From The New Yorker:
This week in the magazine, Atul Gawande writes about who pays the price when patients sue doctors. Here, with Daniel Cappello, he talks about the costs and consequences of medical malpractice.
DANIEL CAPPELLO: Is the number of malpractice cases in this country on the rise?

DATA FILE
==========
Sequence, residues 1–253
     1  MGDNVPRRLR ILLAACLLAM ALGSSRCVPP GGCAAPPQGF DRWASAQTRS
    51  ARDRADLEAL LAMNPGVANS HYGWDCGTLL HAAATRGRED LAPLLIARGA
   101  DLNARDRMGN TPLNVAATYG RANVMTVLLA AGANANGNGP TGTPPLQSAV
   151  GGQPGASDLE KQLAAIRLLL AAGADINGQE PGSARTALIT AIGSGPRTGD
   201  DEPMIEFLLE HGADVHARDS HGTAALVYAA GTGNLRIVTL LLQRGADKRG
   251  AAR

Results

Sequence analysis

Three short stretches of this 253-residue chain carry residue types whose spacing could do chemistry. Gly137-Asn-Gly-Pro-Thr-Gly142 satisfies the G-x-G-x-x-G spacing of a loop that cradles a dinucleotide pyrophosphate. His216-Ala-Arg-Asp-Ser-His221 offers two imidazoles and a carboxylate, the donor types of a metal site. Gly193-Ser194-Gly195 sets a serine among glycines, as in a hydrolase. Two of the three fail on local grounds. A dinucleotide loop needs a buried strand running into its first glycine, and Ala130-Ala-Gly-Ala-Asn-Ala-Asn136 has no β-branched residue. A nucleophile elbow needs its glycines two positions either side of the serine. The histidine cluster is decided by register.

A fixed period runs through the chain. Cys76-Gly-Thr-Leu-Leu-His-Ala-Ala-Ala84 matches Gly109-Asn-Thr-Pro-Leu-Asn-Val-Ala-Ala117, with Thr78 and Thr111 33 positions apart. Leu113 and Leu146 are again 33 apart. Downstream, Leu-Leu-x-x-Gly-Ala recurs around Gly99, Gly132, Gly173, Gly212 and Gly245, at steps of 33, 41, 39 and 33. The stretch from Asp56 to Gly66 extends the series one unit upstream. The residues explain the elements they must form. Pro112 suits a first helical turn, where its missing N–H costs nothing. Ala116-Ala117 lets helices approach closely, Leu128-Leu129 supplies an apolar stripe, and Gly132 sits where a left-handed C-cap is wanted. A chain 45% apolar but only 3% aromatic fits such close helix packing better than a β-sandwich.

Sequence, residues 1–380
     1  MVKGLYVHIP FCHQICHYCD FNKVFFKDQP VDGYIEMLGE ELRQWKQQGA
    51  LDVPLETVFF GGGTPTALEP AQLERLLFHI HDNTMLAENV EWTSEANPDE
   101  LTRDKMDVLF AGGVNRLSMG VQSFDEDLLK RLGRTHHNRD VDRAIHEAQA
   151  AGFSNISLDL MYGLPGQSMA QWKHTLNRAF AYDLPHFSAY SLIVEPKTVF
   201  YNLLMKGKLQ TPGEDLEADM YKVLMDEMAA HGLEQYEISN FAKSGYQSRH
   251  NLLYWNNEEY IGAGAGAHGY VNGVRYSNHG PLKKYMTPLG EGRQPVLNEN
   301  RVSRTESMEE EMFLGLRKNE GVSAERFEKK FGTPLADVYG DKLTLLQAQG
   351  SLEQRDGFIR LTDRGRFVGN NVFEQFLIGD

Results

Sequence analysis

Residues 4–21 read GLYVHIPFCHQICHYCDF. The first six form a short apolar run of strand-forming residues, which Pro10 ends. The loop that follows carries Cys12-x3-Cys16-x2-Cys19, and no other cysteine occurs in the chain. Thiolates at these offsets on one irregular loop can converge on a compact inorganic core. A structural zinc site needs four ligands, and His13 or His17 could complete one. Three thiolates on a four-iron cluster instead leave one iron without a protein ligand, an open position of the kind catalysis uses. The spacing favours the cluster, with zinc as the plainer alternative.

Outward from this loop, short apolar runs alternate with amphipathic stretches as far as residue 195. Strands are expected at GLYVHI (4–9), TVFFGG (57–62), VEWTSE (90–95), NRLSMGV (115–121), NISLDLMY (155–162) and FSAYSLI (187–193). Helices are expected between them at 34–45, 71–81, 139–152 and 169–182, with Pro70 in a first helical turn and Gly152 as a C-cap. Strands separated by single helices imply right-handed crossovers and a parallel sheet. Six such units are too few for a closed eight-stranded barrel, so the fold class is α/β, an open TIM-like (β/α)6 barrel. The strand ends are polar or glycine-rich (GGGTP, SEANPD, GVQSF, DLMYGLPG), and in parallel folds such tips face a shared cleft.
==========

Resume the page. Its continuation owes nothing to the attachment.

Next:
ATUL GAWANDE: There has been a rise, especially if you look at the past forty years. There’s been an increase in malpractice claims all over the world. In the past ten or fifteen years, what has really increased is not the number of cases but the number that are settled in the million-dollar-plus range. And that’s what has helped bring it into the headlines more and more. I’m not convinced that this is different from other kinds of litigation involving products and services in our country—we’re a litigious society, and this is part of a larger debate about responsibility for mishaps, especially in high-risk activities.